Activation of the kynurenine pathway and increased production of the excitotoxin quinolinic acid following traumatic brain injury in humans
AuthorYan, Edwin B.
Lim, Chai K.
Rosenfeld, Jeffrey V.
Walker, David W.
Guillemin, Gilles J.
Morganti-Kossmann, Maria C.
AffiliationDepartment of Physiology, Monash University
Department of Pharmacology and Therapeutics, The University of Melbourne
Neurounflammation group, Faculty of Medicine and Health Sciences, Macquarie University
Applied Neurosciences Program, Peter Duncan Neurosciences Research Unit, St. Vincent's Centre for Applied Medical Research
Hospital Queen Elizabeth
Department of Neurosurgery, The Alfred Hospital
Department of Surgery, Central Clinical School and Monash Institute of Medical Engineering, Monash University
The Ritchie Centre, Hudson Institute of Medical Research, Monash Medical Centre
Australian New Zealand Intensive Care Research Centre, Department of Epidemiology and Preventive Medicine, Monash University
Department of Child Health, Barrow Neurological Institute, University of Arizona
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CitationYan et al. Journal of Neuroinflammation (2015) 12:110 DOI 10.1186/s12974-015-0328-2
JournalJournal of Neuroinflammation
Rights© 2015 Yan et al. This is an Open Access article distributed under the terms of the Creative Commons Attribution License (http://creativecommons.org/licenses/by/4.0),
Collection InformationThis item is part of the UA Faculty Publications collection. For more information this item or other items in the UA Campus Repository, contact the University of Arizona Libraries at email@example.com.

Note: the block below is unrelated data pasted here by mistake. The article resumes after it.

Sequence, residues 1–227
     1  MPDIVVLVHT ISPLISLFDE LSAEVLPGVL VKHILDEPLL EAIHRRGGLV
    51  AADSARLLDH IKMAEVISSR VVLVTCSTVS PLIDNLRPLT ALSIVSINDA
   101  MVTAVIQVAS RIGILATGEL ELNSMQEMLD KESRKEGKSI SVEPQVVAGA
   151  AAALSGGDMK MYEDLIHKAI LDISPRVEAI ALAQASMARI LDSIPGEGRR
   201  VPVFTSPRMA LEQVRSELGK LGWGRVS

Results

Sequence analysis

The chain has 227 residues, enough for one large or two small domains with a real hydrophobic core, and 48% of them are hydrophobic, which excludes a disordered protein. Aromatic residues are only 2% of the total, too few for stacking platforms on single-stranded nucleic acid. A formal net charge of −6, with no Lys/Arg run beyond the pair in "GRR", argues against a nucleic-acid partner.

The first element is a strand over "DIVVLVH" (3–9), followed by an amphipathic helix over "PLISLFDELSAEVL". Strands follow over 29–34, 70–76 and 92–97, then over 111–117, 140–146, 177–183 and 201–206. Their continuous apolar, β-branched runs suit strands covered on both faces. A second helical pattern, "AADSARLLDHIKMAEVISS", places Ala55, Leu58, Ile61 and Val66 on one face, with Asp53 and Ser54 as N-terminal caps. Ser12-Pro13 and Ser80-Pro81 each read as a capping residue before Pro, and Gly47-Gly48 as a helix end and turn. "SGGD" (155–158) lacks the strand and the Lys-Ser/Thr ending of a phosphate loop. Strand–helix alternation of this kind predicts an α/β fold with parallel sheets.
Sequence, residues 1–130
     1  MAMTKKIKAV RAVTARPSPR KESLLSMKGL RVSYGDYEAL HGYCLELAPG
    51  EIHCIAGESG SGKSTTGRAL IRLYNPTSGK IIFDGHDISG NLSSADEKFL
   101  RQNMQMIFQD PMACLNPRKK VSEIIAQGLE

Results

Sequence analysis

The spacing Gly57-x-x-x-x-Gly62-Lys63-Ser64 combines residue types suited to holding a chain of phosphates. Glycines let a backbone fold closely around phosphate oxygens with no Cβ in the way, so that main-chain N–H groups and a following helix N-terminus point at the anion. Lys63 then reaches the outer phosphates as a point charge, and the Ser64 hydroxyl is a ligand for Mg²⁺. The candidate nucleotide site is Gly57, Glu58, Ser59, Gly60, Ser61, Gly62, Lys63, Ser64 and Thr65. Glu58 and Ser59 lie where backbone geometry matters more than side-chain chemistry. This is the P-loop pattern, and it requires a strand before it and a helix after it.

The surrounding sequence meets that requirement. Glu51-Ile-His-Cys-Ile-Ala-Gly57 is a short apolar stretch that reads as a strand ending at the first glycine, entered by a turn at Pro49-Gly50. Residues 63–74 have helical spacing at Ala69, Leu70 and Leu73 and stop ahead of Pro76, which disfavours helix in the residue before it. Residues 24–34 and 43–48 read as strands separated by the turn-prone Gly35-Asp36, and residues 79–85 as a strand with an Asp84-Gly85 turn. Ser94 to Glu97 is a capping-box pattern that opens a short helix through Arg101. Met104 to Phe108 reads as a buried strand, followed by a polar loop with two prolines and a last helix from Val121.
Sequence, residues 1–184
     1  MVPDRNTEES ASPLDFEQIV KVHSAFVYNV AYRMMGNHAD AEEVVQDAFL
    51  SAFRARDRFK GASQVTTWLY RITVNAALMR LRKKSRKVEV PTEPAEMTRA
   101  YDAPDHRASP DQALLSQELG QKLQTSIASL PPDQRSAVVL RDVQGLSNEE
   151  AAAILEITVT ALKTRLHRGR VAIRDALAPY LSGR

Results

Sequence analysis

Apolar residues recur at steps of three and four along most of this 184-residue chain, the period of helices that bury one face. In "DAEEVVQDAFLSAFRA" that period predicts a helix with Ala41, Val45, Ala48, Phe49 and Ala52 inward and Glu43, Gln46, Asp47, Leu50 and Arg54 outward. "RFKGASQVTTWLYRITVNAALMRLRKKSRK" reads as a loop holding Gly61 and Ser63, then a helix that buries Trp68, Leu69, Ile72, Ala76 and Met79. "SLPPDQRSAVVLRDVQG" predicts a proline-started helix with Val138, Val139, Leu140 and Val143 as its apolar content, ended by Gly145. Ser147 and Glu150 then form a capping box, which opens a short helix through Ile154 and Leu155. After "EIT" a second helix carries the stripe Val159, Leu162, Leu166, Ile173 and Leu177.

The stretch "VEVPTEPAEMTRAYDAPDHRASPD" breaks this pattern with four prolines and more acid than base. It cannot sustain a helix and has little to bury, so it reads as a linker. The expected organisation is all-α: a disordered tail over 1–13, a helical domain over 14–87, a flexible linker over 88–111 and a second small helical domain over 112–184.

AbstractABSTRACT: During inflammation, the kynurenine pathway (KP) metabolises the essential amino acid tryptophan (TRP) potentially contributing to excitotoxicity via the release of quinolinic acid (QUIN) and 3-hydroxykynurenine (3HK). Despite the importance of excitotoxicity in the development of secondary brain damage, investigations on the KP in TBI are scarce. In this study, we comprehensively characterised changes in KP activation by measuring numerous metabolites in cerebrospinal fluid (CSF) from TBI patients and assessing the expression of key KP enzymes in brain tissue from TBI victims. Acute QUIN levels were further correlated with outcome scores to explore its prognostic value in TBI recovery. METHODS: Twenty-eight patients with severe TBI (GCS ≤ 8, three patients had initial GCS = 9-10, but rapidly deteriorated to ≤8) were recruited. CSF was collected from admission to day 5 post-injury. TRP, kynurenine (KYN), kynurenic acid (KYNA), QUIN, anthranilic acid (AA) and 3-hydroxyanthranilic acid (3HAA) were measured in CSF. The Glasgow Outcome Scale Extended (GOSE) score was assessed at 6 months post-TBI. Post-mortem brains were obtained from the Australian Neurotrauma Tissue and Fluid Bank and used in qPCR for quantitating expression of KP enzymes (indoleamine 2,3-dioxygenase-1 (IDO1), kynurenase (KYNase), kynurenine amino transferase-II (KAT-II), kynurenine 3-monooxygenase (KMO), 3-hydroxyanthranilic acid oxygenase (3HAO) and quinolinic acid phosphoribosyl transferase (QPRTase) and IDO1 immunohistochemistry. RESULTS: In CSF, KYN, KYNA and QUIN were elevated whereas TRP, AA and 3HAA remained unchanged. The ratios of QUIN:KYN, QUIN:KYNA, KYNA:KYN and 3HAA:AA revealed that QUIN levels were significantly higher than KYN and KYNA, supporting increased neurotoxicity. Amplified IDO1 and KYNase mRNA expression was demonstrated on post-mortem brains, and enhanced IDO1 protein coincided with overt tissue damage. QUIN levels in CSF were significantly higher in patients with unfavourable outcome and inversely correlated with GOSE scores. CONCLUSION: TBI induced a striking activation of the KP pathway with sustained increase of QUIN. The exceeding production of QUIN together with increased IDO1 activation and mRNA expression in brain-injured areas suggests that TBI selectively induces a robust stimulation of the neurotoxic branch of the KP pathway. QUIN's detrimental roles are supported by its association to adverse outcome potentially becoming an early prognostic factor post-TBI.
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